Interview mistakes are not only embarrassing, they are potentially costly. Recovering can be tough â€’ but not impossible. Consider these ways to limit the damage:
Apologize: Owning up and uttering a genuine “please forgive me” can be quite disarming. It demonstrates character, and an interviewer may be impressed by that. After all, it will show that as an employee you will be honest and admit when you make a mistake as opposed to hiding it or making excuses.
Don’t dwell on the mistake: Apologize quickly and move on with answering the question. Do not apologize and then stop talking, because the mistake just lingers in the air. Dwelling on it, or any other fumble, will bring extra unneeded attention to the situation. Also, do not wait until after the interview to address the issue, it could be too late. Make a quick statement such as, “Let’s backtrack for a moment”, and then go on to provide a clearer statement..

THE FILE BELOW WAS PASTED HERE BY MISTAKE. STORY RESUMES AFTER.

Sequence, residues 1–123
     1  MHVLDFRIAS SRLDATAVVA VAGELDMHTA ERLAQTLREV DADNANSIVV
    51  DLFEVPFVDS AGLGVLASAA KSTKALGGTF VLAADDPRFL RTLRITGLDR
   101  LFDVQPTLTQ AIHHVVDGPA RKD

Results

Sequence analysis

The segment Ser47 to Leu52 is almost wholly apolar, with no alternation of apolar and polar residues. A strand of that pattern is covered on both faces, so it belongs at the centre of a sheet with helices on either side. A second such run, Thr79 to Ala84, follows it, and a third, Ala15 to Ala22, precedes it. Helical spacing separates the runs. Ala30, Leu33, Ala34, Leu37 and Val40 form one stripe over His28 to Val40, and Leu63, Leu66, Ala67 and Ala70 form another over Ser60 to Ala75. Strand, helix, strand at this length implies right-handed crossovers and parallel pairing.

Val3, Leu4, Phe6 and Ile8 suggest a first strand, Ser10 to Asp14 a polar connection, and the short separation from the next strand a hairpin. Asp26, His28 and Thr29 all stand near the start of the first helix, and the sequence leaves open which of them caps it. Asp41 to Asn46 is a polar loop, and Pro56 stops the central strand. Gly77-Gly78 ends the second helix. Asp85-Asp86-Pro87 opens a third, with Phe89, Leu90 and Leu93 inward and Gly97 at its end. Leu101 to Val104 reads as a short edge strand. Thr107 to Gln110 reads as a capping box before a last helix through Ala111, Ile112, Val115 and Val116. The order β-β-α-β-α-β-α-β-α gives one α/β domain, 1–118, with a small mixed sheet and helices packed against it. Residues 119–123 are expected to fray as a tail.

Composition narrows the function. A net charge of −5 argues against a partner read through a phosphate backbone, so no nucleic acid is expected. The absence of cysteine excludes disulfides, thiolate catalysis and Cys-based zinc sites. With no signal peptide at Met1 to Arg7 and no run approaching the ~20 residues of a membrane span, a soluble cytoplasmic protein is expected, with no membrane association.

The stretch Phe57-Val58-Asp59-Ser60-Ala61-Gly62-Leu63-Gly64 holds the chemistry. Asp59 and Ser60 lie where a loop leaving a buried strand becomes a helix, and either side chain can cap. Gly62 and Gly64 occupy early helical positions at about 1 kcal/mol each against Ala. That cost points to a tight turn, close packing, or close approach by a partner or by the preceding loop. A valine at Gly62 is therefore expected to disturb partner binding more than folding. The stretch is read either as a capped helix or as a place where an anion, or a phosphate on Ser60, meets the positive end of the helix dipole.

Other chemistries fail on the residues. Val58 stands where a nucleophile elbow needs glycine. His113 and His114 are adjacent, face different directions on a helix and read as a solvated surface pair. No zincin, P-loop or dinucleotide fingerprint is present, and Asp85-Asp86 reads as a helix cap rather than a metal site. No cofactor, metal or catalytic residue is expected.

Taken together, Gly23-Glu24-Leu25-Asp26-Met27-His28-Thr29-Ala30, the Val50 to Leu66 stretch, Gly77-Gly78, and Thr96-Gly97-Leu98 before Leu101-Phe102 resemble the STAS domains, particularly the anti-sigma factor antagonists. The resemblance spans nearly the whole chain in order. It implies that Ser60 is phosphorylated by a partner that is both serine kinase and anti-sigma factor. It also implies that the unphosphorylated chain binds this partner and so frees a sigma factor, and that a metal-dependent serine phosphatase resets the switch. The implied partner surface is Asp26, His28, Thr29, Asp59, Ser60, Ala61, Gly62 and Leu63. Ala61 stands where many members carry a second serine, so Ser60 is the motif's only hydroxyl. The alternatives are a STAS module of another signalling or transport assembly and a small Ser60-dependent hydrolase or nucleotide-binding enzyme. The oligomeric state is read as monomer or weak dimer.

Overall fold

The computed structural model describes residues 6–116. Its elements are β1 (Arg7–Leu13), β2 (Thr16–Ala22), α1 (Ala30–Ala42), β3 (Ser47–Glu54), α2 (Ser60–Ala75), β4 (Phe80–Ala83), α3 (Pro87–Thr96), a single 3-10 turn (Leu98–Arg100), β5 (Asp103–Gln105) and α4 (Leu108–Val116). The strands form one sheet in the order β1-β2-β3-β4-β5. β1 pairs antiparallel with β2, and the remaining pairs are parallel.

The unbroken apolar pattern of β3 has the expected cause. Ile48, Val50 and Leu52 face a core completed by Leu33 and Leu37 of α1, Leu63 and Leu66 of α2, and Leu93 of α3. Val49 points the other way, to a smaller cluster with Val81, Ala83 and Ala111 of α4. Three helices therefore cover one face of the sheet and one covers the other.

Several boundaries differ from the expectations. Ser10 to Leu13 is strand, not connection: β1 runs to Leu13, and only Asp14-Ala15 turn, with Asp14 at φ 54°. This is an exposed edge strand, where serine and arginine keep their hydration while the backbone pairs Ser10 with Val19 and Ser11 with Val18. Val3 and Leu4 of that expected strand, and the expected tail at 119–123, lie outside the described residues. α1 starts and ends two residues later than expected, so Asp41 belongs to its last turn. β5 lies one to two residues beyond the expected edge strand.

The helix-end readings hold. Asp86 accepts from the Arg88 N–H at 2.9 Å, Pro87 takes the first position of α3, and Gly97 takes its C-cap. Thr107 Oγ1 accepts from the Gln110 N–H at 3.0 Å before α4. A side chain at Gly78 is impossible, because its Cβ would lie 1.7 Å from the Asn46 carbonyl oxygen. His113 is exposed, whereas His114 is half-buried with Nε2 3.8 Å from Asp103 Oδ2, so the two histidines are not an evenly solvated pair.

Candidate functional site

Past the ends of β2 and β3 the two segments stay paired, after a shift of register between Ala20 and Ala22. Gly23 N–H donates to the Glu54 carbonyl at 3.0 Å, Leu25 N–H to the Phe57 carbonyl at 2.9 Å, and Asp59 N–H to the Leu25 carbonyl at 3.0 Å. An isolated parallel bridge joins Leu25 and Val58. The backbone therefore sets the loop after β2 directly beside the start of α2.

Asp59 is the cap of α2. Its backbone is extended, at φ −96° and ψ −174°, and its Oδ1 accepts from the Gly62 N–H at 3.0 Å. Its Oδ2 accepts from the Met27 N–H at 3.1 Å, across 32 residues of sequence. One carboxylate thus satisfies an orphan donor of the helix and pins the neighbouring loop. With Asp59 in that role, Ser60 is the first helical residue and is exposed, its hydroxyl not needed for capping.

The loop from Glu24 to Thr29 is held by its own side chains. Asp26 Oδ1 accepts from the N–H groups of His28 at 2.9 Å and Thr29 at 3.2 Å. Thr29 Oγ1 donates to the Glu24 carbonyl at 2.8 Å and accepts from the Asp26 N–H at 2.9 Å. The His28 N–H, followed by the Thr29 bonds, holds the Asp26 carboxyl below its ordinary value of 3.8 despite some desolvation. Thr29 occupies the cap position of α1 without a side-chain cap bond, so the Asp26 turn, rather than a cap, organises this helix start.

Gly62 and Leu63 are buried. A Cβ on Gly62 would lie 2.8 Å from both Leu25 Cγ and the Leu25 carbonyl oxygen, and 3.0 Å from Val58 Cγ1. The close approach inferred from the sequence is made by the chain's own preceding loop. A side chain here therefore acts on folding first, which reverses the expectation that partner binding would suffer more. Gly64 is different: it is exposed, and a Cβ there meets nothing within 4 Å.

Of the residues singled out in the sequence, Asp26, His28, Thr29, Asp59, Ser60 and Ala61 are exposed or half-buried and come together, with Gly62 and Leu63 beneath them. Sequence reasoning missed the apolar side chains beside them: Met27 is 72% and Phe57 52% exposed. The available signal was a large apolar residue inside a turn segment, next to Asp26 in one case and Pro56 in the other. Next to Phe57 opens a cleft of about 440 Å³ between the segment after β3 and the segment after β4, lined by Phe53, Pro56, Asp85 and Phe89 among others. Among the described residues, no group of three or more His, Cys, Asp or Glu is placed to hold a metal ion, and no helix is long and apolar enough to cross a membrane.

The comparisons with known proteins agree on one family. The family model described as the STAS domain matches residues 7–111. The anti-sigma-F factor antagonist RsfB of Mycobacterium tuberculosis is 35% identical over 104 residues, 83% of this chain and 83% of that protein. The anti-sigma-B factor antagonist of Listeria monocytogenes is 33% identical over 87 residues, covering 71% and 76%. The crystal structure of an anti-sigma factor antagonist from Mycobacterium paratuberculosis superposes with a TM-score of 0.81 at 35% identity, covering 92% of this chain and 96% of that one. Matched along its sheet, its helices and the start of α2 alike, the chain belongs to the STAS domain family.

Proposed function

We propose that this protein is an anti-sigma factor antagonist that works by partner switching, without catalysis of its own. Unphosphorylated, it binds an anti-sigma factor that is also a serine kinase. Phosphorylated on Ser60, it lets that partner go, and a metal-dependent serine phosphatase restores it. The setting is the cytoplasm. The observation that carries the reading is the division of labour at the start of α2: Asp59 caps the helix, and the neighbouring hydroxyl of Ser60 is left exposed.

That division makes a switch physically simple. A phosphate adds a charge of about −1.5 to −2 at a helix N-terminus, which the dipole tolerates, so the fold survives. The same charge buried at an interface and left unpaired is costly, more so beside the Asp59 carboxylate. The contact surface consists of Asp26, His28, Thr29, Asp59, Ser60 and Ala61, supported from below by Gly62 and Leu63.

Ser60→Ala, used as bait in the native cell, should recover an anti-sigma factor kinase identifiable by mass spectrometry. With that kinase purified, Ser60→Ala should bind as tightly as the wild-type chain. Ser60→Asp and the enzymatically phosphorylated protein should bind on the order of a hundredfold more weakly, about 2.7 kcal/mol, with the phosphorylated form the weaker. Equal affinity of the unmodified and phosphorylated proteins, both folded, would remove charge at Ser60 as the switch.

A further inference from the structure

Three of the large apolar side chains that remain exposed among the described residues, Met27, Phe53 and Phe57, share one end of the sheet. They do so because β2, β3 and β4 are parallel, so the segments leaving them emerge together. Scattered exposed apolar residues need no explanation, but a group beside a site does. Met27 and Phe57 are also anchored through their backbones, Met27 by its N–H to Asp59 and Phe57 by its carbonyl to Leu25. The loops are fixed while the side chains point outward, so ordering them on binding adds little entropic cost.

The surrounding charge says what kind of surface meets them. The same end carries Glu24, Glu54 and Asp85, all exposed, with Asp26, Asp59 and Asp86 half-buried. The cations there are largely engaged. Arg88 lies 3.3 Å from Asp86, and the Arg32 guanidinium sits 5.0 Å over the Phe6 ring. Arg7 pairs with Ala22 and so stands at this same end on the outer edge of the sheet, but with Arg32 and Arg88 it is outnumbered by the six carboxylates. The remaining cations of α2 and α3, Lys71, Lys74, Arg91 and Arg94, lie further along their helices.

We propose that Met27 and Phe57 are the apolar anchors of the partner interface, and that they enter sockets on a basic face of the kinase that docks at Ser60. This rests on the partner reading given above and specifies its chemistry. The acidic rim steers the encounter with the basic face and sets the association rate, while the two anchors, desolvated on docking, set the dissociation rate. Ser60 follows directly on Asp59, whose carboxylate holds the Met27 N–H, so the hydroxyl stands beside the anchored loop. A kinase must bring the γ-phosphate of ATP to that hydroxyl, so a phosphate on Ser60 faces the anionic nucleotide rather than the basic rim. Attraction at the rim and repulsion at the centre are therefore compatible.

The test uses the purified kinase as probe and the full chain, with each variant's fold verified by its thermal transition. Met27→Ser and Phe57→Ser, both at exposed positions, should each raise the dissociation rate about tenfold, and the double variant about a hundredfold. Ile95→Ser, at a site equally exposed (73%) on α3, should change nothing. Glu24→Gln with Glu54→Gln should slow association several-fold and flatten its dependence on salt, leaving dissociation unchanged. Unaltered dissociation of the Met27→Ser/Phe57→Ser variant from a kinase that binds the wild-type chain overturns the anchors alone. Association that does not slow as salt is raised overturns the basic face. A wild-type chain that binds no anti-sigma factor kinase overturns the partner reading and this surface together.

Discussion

Think on your feet: While panicking may be your gut reaction, remaining calm in the face of a mistake may allow you to salvage the situation. If you are running late, show you value the interviewer’s time with a call to inform, apologize and ask if the meeting can be rescheduled. Or if you appear at an interview without your portfolio or list of references, try something on the lines of: “I don’t have my portfolio today, because I wanted to talk to you first about the specific skills and accomplishments that are most important to you. This way I can customize it to illustrate more effectively the sort of skills you are seeking.
Don’t assume it is too late: If you feel you made a bad impression, committed some grave error in judgment or offended an interviewer, one strategy is to address the problem in a thank-you note. But be sure to state the issue positively as opposed to simply reminding the interviewer of your gaffe. Write something similar to: ‘I would like to readdress the question you asked regarding ...’ Then, simply re-answer the question.